Now that I have had more time, and after reading the link and re-adjusting my views, I concede the point that indeed the narrator is the agency I’m communicating with. You put it very well when you say the narrator mediates - the games “Bellclap” and “Crystal and Stone, Beetle and Bone” even illustrate that very well.
Going back to the NPC talk, however, I still disagree. Because if the narrator mediates, then you’re not interacting with an NPC directly. If you want to strip it all down, you’re interacting with the author. If a player character is the entity in-game that is controlled by the player, it follows that an NPC is a character - an entity - which is not controlled by the player. It follows that the difference is that it’s not controlled by the player, and on the heels of that, it follows that apart from that an NPC should ideally be able to do what the PC does.
I’m calling it “faked” because I want to distinguish between a fully modelled in-game object and something that works just enough to retain suspension of disbelief. Of course an NPC is as fake as every object, but if we start going that way we can get very lost very quickly and very messily. When we play IF and are confronted with a puzzle, we will try lots of different things. We can only try them is the object is as well implemented as possible, and so if it feels as genuine (as opposed to “fake”) as possible. You would expect to be able to open, close, pry, push, look under, look behind, look inside, touch, smell, taste, feel, hit, knock on, and many more, a closed crate - although you wouldn’t expect all these verbs to be implemented, it would depend entirely on context. Similarly there’s a whole sleuth of things you’d expect from an NPC, but even if you cut down about half of the things you could possibly do, there’s a very complex number of things you have to account for. It depends, of course, whether you want a reactive sidekick you can question and follow around, or if you just have a static NPC that’s waiting for receive a certain item - fake the latter, and it’ll be quite enough. The former will still be “fake” by your definition, but it will need meticulous care and coding if we are to preserve the illusion of a living, sentient creature.
I’m thinking aloud as I write this and I think we might disagree on the specifics but agree on the basis: will the player notice? Mostly if you can fake it, that’s just fine. But now let me go back to what started this, because I’m getting very sidetracked.
I have stated in this post why I don’t consider the narrator to be an NPC, although I concede him to be an entity. In fact, your words make me think of him even more as the author - straight up - rather than a narrator. But that way it gets far too meta and we completely lose track of what an NPC is. Given my definition of NPC I invite you to expound on your definition. Because it seems to me as though your definition means a game is a player and an author and, incidently, a world which the author has created. The PC versus the NPC, or, by your terms, the P versus the NP. But then how do we classify the NPCs which the PC will encounter? I therefore distinguish between P and the PC, and consider than when I type commands I’m the P addressing the NP, the author, who will direct my commands to the PC.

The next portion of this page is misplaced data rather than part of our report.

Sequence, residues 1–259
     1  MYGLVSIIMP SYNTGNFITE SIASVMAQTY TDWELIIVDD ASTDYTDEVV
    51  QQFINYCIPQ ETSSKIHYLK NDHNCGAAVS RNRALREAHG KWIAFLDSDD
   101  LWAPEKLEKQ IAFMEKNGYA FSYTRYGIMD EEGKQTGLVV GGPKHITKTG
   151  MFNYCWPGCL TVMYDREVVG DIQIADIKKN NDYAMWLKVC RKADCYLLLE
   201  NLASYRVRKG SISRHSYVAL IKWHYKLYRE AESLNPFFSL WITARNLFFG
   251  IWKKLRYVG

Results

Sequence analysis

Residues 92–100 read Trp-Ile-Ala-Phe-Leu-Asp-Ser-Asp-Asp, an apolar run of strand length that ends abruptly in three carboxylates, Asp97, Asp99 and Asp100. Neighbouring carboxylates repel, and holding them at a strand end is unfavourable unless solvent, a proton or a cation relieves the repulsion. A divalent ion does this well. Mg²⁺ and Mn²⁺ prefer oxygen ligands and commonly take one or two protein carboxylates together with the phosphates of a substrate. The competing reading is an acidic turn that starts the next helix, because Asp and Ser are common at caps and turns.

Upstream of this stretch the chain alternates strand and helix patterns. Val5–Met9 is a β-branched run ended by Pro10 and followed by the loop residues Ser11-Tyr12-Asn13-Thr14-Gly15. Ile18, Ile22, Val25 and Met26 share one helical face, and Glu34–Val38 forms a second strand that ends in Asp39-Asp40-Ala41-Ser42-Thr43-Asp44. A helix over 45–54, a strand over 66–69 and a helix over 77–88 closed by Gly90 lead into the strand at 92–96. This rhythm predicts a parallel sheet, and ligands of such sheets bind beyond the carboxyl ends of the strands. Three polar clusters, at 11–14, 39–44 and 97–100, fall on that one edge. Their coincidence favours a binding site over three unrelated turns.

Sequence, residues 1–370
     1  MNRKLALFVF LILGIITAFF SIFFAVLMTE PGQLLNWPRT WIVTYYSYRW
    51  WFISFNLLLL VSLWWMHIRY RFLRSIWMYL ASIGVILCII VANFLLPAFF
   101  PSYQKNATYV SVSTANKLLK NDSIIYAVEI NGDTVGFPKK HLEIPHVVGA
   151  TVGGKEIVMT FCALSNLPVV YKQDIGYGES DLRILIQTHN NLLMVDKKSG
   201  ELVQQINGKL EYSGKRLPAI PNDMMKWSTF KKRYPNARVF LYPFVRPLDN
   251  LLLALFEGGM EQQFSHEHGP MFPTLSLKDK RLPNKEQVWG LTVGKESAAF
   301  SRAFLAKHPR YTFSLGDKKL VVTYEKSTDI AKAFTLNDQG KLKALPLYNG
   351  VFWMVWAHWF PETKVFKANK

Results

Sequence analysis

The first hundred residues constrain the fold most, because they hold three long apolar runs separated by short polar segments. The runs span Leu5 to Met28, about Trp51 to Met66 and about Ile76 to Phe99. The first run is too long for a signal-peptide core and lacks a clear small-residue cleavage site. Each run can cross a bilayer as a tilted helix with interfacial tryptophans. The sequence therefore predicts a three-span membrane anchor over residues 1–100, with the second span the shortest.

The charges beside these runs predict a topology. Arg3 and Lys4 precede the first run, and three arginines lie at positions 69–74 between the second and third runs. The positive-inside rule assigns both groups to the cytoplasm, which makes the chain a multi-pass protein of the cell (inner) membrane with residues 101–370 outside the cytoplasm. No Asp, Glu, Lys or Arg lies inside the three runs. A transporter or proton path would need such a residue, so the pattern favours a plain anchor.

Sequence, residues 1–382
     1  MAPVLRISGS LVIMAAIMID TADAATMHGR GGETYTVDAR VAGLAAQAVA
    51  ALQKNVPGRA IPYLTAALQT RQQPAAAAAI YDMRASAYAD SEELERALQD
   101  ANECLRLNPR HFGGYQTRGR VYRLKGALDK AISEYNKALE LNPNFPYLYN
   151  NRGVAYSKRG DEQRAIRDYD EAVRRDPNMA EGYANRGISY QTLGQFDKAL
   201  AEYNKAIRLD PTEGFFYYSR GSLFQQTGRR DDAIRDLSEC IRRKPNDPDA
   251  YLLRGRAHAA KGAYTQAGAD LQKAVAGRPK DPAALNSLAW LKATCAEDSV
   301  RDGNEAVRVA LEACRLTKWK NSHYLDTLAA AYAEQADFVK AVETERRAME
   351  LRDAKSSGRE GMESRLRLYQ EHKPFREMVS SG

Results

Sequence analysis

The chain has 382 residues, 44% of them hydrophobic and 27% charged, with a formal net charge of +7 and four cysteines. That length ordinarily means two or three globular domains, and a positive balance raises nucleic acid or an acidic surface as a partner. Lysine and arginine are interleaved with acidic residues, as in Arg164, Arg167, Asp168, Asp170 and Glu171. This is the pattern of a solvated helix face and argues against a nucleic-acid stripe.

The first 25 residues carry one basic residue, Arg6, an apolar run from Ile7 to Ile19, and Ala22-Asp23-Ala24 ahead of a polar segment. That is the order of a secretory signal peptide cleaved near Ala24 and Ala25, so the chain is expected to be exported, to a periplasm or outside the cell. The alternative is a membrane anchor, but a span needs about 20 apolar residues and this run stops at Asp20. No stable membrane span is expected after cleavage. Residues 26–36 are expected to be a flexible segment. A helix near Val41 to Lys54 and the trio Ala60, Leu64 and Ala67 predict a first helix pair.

I did say earlier I was thinking aloud as I wrote, right? This is pure thought process, no looking back except to delete arguments no longer applicabble. Sorry if it’s confusing.
Let’s speak in practical terms now: the only way I see that happening is by bypassing the creation of an object entirely and having an NPC exist solely in narration, i.e., you will never be able to speak or interact with them. THEY will interact with YOU, and any attempts to reach them will be fruitless. Like ghosts. When you want interaction they have to be manipulated. Of course, “Fail-Safe” is a brilliant example of the other side of the coin, and worth mentioning, but it’s not the standard.
Mind you, the practical advantages are vast. By not making any demands on an NPC, they automatically meet the demands. By not being interactable, they are perfect. But that heavily conditions the game you’re writing, and you’ll soon be writing a Myst/Rama/Infocom game. In fact, more like Myst than ever, where the only characters appear - till the end - in very static, un-interactable form.
That’s ok, I probably look like I’m floundering heavily. But I’ve laid my tought-process bare for you. Feel free to take it apart.
So, to go back to the original issue: if a story requires an NPC (not an NP), it can do it in one of two basic ways: it can model them as interactable objects, or it can not. The latter would result in flashbacks, overheard conversations, or conversations you have no control over (well, maybe a TOPIC SELECTION menu for a dialogue in this way would be reasonable, but you’d have no control on whether or not to start that conversation). This is, of course, an option - “Babel” is the most famous example. Unsurprisingly, “Babel” feels Myst-y and Infocom-y (given the aspects we are currently discussing) - because, I daresay, we’ve reduced the NPCs to something we can’t directly interact with.
The former is a technical feat - the more ambitious we are, the more amazing the feat will be. And once we establish that, then we can safely say that yes, environments ARE easier to model than NPCs.
Is it necessary to create a whole load of characters with hidden agendas, relationships to each other, moving around, making deductions, doing everything the P and the PC can, plus being able to take commands from the P/PC? Thank God, no, and in this matter we fake it a bit. But even when it’s faked, an NPC will always be harder to model than the environment.
Unless the NPC is a dull, unresponsive character and the environment was coded by Zarf. But that’s another matter entirely.